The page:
Back and forth: Maria Sharapova needs to rethink her comments

alicia-sadowski

I’ve always admired the composure of tennis fans watching matches of greats like Serena Williams and Maria Sharapova; the routine back and forth motion of their heads seem not only physically straining, but objectively pointless. I’ve found myself in the same motion when listening to gossip and drama between friends; sitting in the middle, looking to my left for the statement, right for the reaction, left for the response. I find myself in the same position as I write this article about Sharapova’s problematic accounts of her rivalry with Williams in her autobiography, “Unstoppable: My Life So Far.”

The rivalry between the two women arose July 3, 2004, when the then-17-year-old Sharapova defeated the two-time champion Williams in the final round of Wimbledon. “She has thick arms and thick legs and is so intimidating and strong,” Sharapova wrote. “And tall, really tall.”

However, Sharapova has exaggerated the rivalry in her head,morphing it into a war of words, during which Williams has won 19 of their last 21 matches. Sharapova attributes the future losses to an intimate moment shared between the two after the 2004 Wimbledon match.

“Guttural sobs, the sort that make you heave for air, the sort that scares you. It went on and on. I got out as quickly as I could, but she knew I was there,” Sharapova writes.“But to me, the real answer was there, in this locker room, where I was changing and she was bawling. I think Serena hated me for being the skinny kid who beat her, against all odds, at Wimbledon.”

Distracting from her recent 15-month suspension for doping and controversial wild card entry in the 2017 U.S. Open, Sharapova victimizes herself to keep relevant. Herein lies Sharapova’s problematic account: Williams’ competitiveness is isolating and intimidating, while she views herself as focused and impressive. Sharapova’s account reflects not only the lazy cliches of bitterness and emotions in women’s sports, but a desperate attempt to socially and financially benefit from the depiction of a Black bully.

The celebration of rivalries in women’s tennis is nothing new: the history between Margaret Court and Billie Jean King dominated headlines throughout the ‘70s. The relationship between Williams and Sharapova is as intriguing as it is economically profitable for the World Tennis Association and its sponsors. When the narrative villainizes a Black woman, however, problematic historical legacies of microaggressions carry social consequences that cannot be separated by a 78-foot court.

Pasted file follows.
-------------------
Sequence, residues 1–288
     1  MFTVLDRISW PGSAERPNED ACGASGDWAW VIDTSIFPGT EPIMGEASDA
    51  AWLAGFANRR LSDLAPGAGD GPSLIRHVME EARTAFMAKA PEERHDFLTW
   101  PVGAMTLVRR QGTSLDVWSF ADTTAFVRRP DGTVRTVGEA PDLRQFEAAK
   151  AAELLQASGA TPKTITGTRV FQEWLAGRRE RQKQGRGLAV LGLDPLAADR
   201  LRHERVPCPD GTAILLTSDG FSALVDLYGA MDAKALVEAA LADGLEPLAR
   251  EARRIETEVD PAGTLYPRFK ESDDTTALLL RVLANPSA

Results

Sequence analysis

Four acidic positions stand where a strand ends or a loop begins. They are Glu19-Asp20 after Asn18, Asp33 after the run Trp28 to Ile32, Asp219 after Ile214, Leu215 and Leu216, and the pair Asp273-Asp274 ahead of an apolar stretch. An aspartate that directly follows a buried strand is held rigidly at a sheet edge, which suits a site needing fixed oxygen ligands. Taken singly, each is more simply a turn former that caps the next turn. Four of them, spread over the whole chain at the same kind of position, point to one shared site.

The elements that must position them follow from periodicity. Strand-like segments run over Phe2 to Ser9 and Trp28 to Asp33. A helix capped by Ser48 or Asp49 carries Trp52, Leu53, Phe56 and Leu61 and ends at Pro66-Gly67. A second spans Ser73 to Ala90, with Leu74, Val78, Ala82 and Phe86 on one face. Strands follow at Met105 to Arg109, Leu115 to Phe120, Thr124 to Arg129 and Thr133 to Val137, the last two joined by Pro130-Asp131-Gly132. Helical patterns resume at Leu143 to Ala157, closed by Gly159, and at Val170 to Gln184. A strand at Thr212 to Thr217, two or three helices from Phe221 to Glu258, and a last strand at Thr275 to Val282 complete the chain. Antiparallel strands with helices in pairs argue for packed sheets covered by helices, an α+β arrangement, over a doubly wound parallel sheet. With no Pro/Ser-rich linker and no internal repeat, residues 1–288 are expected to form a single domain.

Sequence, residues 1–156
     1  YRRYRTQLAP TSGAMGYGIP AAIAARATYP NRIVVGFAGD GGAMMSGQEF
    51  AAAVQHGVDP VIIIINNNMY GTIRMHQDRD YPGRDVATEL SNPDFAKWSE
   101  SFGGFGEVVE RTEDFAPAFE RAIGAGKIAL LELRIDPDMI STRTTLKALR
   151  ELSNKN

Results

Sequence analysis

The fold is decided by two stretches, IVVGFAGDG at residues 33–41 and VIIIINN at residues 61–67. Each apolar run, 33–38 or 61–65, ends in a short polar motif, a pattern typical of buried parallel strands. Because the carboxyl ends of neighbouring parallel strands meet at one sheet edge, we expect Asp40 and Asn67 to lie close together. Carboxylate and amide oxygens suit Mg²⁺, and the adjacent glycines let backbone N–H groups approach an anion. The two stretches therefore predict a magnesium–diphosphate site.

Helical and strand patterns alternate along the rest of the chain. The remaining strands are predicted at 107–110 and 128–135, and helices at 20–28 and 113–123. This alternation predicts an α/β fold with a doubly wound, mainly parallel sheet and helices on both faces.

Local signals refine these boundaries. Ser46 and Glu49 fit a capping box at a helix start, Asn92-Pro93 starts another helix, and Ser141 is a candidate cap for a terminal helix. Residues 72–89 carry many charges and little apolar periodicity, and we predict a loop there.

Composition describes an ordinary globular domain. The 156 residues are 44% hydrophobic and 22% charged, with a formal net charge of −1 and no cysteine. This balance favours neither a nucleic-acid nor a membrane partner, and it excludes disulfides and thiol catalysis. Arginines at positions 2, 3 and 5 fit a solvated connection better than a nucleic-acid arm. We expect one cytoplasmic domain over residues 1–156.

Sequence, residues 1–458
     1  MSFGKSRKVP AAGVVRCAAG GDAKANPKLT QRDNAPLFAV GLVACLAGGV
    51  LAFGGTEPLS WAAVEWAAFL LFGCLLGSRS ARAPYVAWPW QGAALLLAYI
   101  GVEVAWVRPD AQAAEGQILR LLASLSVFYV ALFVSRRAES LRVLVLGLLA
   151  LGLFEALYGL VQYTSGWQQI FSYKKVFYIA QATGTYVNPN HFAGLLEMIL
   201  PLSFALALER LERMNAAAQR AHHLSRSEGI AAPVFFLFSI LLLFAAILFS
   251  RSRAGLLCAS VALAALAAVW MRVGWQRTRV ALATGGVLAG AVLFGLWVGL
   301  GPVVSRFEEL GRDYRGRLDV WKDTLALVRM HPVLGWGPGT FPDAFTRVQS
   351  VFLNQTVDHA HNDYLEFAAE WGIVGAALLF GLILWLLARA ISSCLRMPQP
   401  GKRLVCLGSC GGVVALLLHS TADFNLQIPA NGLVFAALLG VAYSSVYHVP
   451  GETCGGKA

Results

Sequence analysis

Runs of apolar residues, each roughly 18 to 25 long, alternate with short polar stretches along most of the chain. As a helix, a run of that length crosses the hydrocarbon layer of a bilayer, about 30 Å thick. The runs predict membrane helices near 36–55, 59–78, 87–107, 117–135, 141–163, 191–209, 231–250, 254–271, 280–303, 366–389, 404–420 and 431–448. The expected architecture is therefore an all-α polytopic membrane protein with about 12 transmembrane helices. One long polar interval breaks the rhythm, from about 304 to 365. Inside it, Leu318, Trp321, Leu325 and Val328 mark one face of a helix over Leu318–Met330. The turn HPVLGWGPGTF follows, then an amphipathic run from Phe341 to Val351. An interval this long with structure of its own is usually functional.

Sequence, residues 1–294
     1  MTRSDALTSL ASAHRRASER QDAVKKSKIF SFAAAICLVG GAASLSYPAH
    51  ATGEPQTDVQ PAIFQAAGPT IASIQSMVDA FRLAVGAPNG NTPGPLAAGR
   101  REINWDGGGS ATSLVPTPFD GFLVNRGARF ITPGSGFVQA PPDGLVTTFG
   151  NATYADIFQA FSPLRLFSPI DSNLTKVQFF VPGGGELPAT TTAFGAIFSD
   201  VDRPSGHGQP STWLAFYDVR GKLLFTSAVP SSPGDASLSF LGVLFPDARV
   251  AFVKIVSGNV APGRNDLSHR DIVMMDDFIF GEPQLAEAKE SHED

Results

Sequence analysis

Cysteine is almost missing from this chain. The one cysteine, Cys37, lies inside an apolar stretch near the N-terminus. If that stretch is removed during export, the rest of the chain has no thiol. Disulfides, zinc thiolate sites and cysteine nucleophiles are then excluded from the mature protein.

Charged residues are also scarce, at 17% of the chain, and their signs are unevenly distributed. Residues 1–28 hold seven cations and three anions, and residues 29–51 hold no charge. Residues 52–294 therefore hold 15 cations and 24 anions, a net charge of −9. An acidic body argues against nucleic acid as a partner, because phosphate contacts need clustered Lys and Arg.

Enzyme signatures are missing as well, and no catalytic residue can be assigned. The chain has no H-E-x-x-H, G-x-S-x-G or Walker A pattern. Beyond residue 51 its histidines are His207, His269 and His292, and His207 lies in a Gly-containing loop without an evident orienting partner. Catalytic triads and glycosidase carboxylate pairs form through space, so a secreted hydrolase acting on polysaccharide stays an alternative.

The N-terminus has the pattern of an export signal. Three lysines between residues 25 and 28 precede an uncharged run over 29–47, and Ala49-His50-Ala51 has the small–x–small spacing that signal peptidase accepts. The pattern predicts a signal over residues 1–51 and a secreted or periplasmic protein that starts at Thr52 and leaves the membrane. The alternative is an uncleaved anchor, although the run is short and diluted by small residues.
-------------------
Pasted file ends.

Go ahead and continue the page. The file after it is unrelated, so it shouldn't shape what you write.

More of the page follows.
Williams stealthily addressed Sharapova’s accusations in an open letter published on Reddit on September 19, reflecting on her mother’s strength shortly after Williams gave birth herself. “I’m not sure how you did not go off on every single reporter, person, announcer and quite frankly, hater, who was too ignorant to understand the power of a Black woman,” she writes.

Exuding the heightened dignity often unfairly expected of black athletes, Williams defines the beauty and communal strength from her background. “I am proud we were able to show them what some women look like. We don’t all look the same. We are curvy, strong, muscular, tall, small, just to name a few, and all the same: we are women and proud!”

There still seems to be a disconnect as to why the professional and personal rivalry exists, according to Sharapova’s account.

“Serena and I should be friends: we love the same thing, we have the same passion,” Sharapova writes. “Only a few people in the world know what we know — what it feels like in the dead center of this storm, the fear and anger that drive you, how it is to win and how it is to lose.”

However, there are things that Williams knows that Sharapova will never be able to. Williams knows what it is like to confront the negative stereotypes of Black women. She knows the double standard of grace and sportsmanship that she is held to. She knows how damaging ignorance can be. It’s time for Sharapova to learn, and stop going back and forth with Williams.

Alicia Sadowski is a Daily Californian Sports staffer. Contact her at [email protected]